Fredericksburg Memorial Library (Texas)

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Fredericksburg Memorial Library
Fredericksburg memorial library 2008.jpg
Fredericksburg Memorial Library
Fredericksburg Memorial Library is located in Texas
Fredericksburg Memorial Library
Fredericksburg Memorial Library
Location Courthouse Square
Fredericksburg, Texas
Coordinates 30°16′31″N 98°52′24″W / 30.27528°N 98.87333°W / 30.27528; -98.87333Coordinates: 30°16′31″N 98°52′24″W / 30.27528°N 98.87333°W / 30.27528; -98.87333
Built 1882
Architect Alfred Giles
Architectural style Romanesque Revival
Governing body Gillespie County
NRHP Reference # 71000935[1]
Significant dates
Added to NRHP March 11, 1971
Designated RTHL 1967

The Fredericksburg Memorial Library, also known as the Pioneer Memorial Library or the Old Courthouse, is located at 115 W. Main Street, Fredericksburg, Gillespie County, in the U.S. state of Texas. Designed by Alfred Giles, it was built in 1882 to replace the original 1855 courthouse, and was later superseded by the current 1939 courthouse designed by Edward Stein.[2] The first floor houses the Pioneer Memorial Library, while the second floor functions as community hall.[3] It is often called the McDermott Building because of the 1967 and 1984 restorations funded by Mr. & Mrs. Eugene McDermott.[4] It was added to the National Register of Historic Places in 1971, and was designated a Recorded Texas Historic Landmark in 1967.[5][6]

Construction[edit]

The native limestone structure was designed in 1882 by architect Alfred Giles in the Romanesque Revival style. Giles also designed the Brooks County Courthouse, Live Oak County Courthouse, Presidio County Courthouse, Webb County Courthouse and Wilson County Courthouse, as well as courthouses in the counties of Goliad and Kerr.[7][8] In 1909, Giles designed the facade of the Kendall County Courthouse.[9] He also designed the 1885 Llano County courthouse, which burned down in 1892.[10] On November 28, 1881. Giles was commissioned for $1,000 by the Gillespie County Commissioners. Built of local limestone, the Dietz Quarries supplied the limestone for the main structure, while John Dechert Quarries of Luckenbach supplied the limestone for the trim.[5] Building contractors John Heinen & James A. Courtney erected the structure at a cost of $23,000.[11]

Restoration[edit]

When a new courthouse was built in 1939, the old building served a variety of uses, until its state of disrepair forced it to be condemned in 1963. The building was restored in 1967 as a home for the library, a gift from Texas Instruments founder and Dallas philanthropists Mr. & Mrs. Eugene McDermott.[12] Eugene McDermott died in 1973.[13] A second renovation of the library occurred in 1984 with matching funds from Mrs. McDermott and the community.[5][6]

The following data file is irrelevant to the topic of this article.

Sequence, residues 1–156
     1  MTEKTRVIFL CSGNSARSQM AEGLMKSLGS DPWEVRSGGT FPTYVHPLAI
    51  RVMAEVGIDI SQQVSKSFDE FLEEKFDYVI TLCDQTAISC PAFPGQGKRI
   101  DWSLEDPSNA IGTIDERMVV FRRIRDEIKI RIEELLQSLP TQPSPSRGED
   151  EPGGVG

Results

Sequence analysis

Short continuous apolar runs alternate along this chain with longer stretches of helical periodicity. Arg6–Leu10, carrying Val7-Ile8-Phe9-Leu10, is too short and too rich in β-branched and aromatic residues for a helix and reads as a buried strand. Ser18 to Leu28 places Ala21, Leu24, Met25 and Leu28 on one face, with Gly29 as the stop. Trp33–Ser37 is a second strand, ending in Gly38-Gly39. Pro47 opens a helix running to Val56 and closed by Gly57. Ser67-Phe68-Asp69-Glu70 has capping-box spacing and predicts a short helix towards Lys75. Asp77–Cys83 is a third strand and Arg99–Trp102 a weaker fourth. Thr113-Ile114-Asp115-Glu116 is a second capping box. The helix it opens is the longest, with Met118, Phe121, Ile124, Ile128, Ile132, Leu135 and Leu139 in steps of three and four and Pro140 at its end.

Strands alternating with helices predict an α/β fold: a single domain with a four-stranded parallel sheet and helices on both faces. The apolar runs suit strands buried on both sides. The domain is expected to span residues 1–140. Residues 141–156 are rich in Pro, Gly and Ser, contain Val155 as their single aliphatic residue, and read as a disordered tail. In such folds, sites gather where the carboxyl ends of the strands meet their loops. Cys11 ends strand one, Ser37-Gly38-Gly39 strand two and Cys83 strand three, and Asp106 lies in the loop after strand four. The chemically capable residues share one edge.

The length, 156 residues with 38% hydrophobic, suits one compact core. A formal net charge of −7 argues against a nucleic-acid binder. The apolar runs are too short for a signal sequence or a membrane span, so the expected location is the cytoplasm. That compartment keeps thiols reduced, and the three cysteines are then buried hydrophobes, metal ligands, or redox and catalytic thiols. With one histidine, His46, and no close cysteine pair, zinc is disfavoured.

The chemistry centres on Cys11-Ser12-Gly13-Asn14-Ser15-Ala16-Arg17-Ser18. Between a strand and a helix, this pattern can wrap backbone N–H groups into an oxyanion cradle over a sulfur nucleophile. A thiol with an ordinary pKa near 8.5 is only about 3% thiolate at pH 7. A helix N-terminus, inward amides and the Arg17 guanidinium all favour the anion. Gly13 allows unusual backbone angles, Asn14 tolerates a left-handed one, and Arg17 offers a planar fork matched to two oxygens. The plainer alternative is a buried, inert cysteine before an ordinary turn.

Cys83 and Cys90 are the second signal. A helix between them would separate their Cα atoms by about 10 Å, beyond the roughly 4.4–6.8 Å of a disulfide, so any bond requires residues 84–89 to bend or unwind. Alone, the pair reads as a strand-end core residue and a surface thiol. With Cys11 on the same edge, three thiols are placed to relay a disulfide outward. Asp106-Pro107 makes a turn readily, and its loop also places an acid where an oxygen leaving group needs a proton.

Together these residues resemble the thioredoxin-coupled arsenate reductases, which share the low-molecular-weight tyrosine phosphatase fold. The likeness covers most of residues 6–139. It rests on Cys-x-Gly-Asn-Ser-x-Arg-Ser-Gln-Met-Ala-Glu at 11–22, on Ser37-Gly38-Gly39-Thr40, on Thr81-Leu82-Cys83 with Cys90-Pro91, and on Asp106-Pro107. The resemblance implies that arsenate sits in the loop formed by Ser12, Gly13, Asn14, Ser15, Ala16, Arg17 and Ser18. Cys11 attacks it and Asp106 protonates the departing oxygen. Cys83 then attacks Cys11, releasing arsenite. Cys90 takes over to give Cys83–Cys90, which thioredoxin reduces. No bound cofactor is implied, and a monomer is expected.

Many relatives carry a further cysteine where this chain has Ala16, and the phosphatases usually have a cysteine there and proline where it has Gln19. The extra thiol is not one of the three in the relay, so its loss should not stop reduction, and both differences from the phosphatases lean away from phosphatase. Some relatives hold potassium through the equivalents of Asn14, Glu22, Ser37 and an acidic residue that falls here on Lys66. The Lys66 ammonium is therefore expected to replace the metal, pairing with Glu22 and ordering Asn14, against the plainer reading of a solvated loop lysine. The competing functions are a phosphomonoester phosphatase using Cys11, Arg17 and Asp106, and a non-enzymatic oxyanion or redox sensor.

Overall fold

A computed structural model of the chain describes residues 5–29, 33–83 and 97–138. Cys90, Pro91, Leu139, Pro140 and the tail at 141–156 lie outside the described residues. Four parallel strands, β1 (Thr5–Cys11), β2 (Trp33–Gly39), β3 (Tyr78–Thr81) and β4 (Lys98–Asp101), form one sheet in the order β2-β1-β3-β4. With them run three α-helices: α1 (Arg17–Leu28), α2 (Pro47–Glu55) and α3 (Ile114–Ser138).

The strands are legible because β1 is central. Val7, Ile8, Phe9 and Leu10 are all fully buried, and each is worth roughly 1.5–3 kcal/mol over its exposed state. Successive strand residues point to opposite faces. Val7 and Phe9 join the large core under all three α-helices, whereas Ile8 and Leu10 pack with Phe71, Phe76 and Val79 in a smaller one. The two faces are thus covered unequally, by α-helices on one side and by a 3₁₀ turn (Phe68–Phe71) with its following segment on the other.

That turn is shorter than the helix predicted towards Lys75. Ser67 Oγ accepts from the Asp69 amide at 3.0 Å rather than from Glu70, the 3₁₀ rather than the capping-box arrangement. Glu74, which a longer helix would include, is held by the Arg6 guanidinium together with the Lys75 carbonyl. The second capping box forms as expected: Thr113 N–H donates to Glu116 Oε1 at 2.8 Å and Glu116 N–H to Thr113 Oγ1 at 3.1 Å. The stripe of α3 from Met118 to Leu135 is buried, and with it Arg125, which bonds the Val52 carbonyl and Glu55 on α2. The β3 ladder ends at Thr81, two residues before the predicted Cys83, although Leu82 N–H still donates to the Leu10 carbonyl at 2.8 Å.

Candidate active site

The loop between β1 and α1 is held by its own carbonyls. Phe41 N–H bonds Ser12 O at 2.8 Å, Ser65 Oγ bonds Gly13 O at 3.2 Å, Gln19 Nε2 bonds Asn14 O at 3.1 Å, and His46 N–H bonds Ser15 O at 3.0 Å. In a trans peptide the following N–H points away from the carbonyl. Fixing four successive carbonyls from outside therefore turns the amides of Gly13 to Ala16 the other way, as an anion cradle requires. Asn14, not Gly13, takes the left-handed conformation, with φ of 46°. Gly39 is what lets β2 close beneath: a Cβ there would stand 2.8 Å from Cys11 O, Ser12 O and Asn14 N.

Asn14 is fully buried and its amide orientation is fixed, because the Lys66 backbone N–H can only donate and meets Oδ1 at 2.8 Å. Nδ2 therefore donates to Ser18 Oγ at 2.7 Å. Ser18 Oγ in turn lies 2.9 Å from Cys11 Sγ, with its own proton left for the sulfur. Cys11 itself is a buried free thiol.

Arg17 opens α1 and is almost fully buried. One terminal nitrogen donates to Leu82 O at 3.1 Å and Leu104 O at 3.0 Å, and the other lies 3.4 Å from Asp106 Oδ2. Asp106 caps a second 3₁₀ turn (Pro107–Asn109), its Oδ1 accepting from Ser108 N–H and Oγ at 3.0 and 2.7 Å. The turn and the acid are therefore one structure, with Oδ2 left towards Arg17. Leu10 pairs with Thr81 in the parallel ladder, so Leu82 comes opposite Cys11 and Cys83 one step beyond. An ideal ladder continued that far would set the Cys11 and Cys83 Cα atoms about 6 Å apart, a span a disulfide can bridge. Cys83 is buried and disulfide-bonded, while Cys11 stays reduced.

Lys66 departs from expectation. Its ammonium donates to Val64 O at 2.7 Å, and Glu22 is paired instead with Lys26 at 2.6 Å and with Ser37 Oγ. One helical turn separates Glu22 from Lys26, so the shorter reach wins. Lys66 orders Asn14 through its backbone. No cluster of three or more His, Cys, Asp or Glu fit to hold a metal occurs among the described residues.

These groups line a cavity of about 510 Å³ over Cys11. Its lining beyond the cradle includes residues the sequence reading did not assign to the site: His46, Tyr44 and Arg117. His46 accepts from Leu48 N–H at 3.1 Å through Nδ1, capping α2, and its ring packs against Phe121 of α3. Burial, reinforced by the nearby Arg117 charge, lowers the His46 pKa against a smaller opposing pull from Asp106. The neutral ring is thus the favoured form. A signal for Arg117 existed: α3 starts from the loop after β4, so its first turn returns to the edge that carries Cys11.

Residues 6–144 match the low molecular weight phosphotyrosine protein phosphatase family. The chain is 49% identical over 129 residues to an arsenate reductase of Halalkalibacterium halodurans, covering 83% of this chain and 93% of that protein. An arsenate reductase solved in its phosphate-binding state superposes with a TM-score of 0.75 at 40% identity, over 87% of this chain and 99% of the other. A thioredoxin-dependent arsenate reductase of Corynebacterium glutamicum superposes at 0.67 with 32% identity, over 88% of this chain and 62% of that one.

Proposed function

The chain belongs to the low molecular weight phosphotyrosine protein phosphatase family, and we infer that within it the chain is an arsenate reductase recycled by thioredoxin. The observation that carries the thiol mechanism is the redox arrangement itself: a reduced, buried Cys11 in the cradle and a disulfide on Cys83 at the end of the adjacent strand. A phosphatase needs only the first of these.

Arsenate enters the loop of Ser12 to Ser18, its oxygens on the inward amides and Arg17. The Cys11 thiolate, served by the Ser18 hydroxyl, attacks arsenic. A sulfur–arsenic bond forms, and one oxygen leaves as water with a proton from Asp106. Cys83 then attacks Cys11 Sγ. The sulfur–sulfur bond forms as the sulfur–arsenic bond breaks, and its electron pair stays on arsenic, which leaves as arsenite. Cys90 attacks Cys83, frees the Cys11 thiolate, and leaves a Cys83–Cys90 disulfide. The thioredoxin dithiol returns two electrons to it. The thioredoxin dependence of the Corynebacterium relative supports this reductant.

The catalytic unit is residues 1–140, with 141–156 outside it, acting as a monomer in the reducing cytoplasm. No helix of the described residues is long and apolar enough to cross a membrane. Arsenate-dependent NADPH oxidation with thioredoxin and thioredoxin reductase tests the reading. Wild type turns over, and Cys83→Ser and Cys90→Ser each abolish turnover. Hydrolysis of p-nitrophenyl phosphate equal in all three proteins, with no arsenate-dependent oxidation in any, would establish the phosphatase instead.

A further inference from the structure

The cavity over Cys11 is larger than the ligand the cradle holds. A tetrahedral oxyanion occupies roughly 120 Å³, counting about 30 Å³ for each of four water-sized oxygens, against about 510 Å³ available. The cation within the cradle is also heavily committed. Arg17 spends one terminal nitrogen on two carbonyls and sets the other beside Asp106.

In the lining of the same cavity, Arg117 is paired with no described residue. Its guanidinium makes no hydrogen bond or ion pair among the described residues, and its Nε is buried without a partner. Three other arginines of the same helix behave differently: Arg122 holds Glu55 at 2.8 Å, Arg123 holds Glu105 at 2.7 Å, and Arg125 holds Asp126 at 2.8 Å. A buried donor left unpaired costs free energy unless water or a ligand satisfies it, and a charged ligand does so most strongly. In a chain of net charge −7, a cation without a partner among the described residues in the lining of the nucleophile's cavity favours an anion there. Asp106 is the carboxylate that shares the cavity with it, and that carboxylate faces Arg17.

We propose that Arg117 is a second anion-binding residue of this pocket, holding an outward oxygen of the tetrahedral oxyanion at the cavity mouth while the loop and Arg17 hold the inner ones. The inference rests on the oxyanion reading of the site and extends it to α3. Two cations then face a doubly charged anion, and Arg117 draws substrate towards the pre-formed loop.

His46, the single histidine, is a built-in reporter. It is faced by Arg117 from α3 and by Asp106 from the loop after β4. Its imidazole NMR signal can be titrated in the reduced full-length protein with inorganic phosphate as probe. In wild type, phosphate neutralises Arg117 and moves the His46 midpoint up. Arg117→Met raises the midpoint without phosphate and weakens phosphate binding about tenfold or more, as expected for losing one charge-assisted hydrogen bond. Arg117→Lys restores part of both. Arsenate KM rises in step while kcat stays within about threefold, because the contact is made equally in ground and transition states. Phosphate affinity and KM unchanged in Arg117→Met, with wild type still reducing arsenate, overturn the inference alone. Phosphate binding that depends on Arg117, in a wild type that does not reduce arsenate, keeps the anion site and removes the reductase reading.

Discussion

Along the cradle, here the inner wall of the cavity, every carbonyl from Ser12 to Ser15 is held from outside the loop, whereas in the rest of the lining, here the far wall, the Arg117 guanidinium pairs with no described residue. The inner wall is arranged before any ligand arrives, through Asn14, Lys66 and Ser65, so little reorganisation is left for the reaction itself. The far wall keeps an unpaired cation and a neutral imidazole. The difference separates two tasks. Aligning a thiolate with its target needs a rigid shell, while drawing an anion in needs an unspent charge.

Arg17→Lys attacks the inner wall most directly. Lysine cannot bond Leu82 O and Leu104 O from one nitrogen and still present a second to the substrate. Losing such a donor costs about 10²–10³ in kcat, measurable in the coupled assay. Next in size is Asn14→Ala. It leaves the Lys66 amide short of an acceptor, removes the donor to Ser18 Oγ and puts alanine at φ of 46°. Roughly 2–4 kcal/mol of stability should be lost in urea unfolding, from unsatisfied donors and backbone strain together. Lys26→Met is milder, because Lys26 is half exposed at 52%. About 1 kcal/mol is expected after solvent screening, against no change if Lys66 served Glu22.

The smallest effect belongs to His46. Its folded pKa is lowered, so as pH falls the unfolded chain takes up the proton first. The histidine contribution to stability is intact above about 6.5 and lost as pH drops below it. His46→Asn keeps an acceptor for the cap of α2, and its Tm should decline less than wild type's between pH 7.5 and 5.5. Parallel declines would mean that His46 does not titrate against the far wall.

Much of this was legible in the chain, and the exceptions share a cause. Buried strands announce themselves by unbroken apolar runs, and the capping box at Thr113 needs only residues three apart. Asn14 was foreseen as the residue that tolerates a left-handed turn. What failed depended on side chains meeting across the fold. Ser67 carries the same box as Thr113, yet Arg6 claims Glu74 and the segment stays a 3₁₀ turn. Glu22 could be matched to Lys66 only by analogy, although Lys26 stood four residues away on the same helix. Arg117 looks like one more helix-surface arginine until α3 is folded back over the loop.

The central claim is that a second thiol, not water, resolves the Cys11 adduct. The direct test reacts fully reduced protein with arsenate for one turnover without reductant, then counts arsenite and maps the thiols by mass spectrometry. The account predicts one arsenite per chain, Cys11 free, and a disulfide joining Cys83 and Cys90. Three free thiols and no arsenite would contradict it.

References[edit]

  1. ^ "National Register Information System". National Register of Historic Places. National Park Service. 2009-03-13. 
  2. ^ "TE-Gillespie County Courthouse". Texas Escapes. Blueprints For Travel, LLC. Retrieved 13 August 2011. 
  3. ^ Zelade, Richard (2011). Lone Star Guide to the Texas Hill Country. Taylor Trade Publishing. p. 25. ISBN 978-1-58979-609-6. 
  4. ^ "Fredericksburg Der Paradise". Texas Monthly: 125. May 1980. 
  5. ^ a b c "THC-NRHP Old Courthouse". Texas Historical Commission. Retrieved 13 August 2011. 
  6. ^ a b "Old Gillespie County Courthouse". Groundspeak, Inc. Retrieved 13 August 2011. 
  7. ^ George, Mary Carolyn Hollors. "Giles, Alfred". Handbook of Texas Online. Texas State Historical Association. Retrieved 13 August 2011. 
  8. ^ "Courthouses designed by Alfred Giles". Texas Escapes – Blueprints For Travel, LLC. Retrieved 13 August 2011. 
  9. ^ Zelade, Richard (2011). Lone Star Guide to the Texas Hill Country. Taylor Trade Publishing. p. 65. ISBN 978-1-58979-609-6. 
  10. ^ "THC-1885 Llano County Courthouse". Texas Historical Commission. Retrieved 14 August 2011. 
  11. ^ "THC-Contractors, Gillespie Courthouse". Texas Historical Commission. Retrieved 13 August 2011. 
  12. ^ Perez, Joan Jenkins. "McDermott, Eugene". Handbook of Texas Online. Texas State Historical Association. Retrieved 13 August 2011. 
  13. ^ Eugene McDermott at Find a Grave